1% and also, 1%
So, for reals, what is it that you plan to do with your one wild and precious life?
It’s June now. You may be asking: Where did 2022 go? Where did my twenties go? Where did my life go? What am I even doing?
What are you doing that lights the fire of life inside you? It’s okay to answer nothing. It’s okay if the answer is that you don’t know what lights the fire, and further, you thought that that fireplace was bricked over and inoperable.
You’re here reading the Iridescent Ordinary because deep down, you know there is something ready to be kindled--something deeper for you to excavate. You’re here where we talk about creating more pockets of meaning and spaces of intention in your every day, because, well, you’ve either got a strong daily practice game, or are looking to level up, or even figure out how to start.
We’ve been looking at Kaizen, a process of constant improvement. You can embrace a Kaizen way of life simply by bending down and trying to reach your toes everyday—provided you do it daily, you will undoubtedly continue to get better as you go along.
Another way to look at this is known as the 1% rule: ask nothing more of yourself than to be 1% better than you were yesterday. That hardly even seems like an effort—a measly 1%. A penny on a dollar, a dollar on one hundred. But follow the math, 1% compounded gets bigger over time.
Pretend we’re talking about money, and we start with $100. With 1% interest (improvement) accruing daily, you’ll have $101 on day two, no biggie— but watch what happens over the first ten days: your daily 1% effort has netted you a 10% improvement or increase.
Keep going, keep slogging, because after 6 weeks, you’re up to a 50% improvement/increase. One teeny weeny percent per day.
Don’t stop now, because after another 6 weeks (three months total) you’re up by 150%. While I understand that money isn’t compounded daily, in this case your efforts are. These charts are a great way to visualize what a little effort can return.
Let’s go back to the toe touching example. One percent improvement from day to day is barely perceptible, but after 3 weeks, you’ll be 25% closer to the ground than the day you started. This is how language learning apps work, in just a few minutes per day, they attempt to train your brain into learning a foreign language. You can do this with almost any aspect of your life: learning a new skill, improving your health, clearing out clutter, writing your memoir; or with less goal-oriented pursuits like meditation, journaling, reading, etc.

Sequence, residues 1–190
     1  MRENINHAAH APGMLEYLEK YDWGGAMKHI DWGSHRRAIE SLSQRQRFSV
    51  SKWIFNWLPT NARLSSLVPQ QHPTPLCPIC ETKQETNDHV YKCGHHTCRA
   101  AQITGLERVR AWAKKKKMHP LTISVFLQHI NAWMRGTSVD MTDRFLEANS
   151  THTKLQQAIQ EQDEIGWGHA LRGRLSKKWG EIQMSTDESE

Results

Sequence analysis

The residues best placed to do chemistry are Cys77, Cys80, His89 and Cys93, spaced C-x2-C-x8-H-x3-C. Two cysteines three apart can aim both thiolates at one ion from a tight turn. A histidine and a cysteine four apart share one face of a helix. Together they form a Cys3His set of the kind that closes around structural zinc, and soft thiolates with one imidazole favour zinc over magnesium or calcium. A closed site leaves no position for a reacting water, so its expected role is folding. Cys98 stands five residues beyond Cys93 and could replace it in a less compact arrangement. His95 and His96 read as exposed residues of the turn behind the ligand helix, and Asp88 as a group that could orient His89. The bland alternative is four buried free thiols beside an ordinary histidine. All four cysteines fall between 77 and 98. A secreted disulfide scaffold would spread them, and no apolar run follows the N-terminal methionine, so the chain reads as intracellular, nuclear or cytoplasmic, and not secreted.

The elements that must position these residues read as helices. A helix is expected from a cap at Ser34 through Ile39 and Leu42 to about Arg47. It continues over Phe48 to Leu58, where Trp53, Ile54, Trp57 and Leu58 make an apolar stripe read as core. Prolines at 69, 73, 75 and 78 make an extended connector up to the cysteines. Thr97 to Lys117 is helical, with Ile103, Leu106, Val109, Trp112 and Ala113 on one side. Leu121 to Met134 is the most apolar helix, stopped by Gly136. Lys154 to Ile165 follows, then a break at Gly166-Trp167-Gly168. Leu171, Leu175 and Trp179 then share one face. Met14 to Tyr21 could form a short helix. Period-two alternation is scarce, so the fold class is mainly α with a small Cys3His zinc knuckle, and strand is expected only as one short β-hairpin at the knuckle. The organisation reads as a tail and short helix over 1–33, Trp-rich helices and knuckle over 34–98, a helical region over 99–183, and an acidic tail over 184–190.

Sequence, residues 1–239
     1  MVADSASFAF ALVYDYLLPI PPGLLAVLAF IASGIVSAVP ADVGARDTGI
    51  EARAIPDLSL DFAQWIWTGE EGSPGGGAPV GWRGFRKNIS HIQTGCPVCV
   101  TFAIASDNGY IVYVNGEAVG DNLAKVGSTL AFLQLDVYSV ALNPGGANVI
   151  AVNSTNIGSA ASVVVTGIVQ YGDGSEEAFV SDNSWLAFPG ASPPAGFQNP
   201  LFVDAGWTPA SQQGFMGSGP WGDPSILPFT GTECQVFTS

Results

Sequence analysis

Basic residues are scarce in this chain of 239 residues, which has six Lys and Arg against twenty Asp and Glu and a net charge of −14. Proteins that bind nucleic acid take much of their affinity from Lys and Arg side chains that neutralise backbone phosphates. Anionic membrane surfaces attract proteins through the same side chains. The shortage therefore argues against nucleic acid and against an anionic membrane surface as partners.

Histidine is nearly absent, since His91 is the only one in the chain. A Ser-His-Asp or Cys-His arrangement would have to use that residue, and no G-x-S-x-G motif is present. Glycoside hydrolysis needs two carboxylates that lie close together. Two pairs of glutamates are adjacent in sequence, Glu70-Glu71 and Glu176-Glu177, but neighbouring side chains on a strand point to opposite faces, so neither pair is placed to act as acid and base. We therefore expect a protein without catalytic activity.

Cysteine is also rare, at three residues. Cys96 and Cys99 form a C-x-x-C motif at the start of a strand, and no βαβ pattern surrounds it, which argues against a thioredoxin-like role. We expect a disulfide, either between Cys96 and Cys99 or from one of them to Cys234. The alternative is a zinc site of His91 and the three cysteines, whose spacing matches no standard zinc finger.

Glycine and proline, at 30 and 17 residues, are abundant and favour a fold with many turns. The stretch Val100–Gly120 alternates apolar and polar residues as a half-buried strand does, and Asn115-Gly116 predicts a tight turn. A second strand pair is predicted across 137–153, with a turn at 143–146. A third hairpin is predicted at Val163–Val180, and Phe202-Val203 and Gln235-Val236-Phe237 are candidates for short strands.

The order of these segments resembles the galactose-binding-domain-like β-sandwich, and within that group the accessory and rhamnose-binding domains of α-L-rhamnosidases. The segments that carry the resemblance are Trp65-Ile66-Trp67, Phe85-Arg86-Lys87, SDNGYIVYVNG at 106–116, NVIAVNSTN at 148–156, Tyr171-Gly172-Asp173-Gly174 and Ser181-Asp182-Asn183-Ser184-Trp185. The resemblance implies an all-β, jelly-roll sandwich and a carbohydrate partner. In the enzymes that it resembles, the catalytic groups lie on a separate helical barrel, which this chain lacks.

Let’s say you’re working on eradicating crap from your life, ie.: caffeine, sugar, alcohol, meat, tobacco, social media, TV, etc etc. Let’s say cold turkey doesn’t do it for you. How about embracing the 1% concept, but in reverse. If you normally drink 20 ounces of coffee, leave two sips in the cup. (This is not a substitute for medical advice). If you normally indulge in 75 minutes of social media, you needn’t even cut back by a full minute, just 45 seconds less.
Ask only of yourself today, that you are a wee bit better than you were yesterday.
There’s another way to look at 1%. This isn’t so much results based, because fuck metrics.This 1% is rooted in your time, which means you're free to reach for your toes (literally or metaphorically) without the need to touch them.
So, instead of a daily 1% increase in effort, what if you gifted yourself 1% of your day. Listen, I know you’re busy: job, kids, caretaking, exercising, meal prep, reading newsletters, laundry, cleaning dog poop out of the robot vac, paying bills—all of the things. But imagine indulging 1% of your waking time on any endeavor of your choosing. You can even go hardcore, and free yourself from the tyranny of achieving any sort of goal and just going in for pure pleasure.
Let’s say you sleep 8 hours every day. That means you’re awake for 16 hours, or 960 minutes. One percent of 960 is 9.6 minutes or 9 minutes and 36 seconds. I’m inclined to round up to ten, but you make the rules in your show.
Ten minutes a day, every day, devoted to doing a thing just for you. It could be anything: reading, journaling, playing, arting, weightlifting, working on your novel, taking a bath, meditating, wordle-ing. You get to decide. That’s over an hour per week.
Here’s some math:
9.6 minutes per day is 67.2 minutes per week or 288 minutes/4.8 hours per month and 3,504 minutes/58.4 hours per year.
10 minutes per day is 70 minutes per week, 5 hours per month, and almost 61 hours per year.
Since one of our standard units of time is a 40 hour workweek (what does that even mean anymore), a measly 1% of your day adds up to one and a half work weeks over the course of a year. Imagine clocking in to your job for a week and a half and being able to focus on the thing that gives you joy instead of your work? Imagine that?
Decide what. Decide when. Decide how. And go for it. Set a timer (if you have a smartphone, you have the technology.) Nine minutes and thirty-six seconds. No emails, no texts, no distractions, just you.
I know, I know. Easier said than done.
Don’t make any decisions today.
I’m merely asking you to consider this proposition.
Like everything, change, even small change, begins with awareness. Start by noticing the little blocks of 1% of time that fall away like scraps. Ask yourself how you can collect and preserve them for yourself.
We’re going to be discussing this more and formulating a plan to start your 1% project on June 21.
Not fuck the metric system—that’s the best thing ever, yet we Americans insist on staying in an abusive, complicated relationship with inches/pounds when a sweet, steady, lifelong romance with a metric boo is standing outside our door with flowers waiting for us to hop on board the easy life of base ten measurements.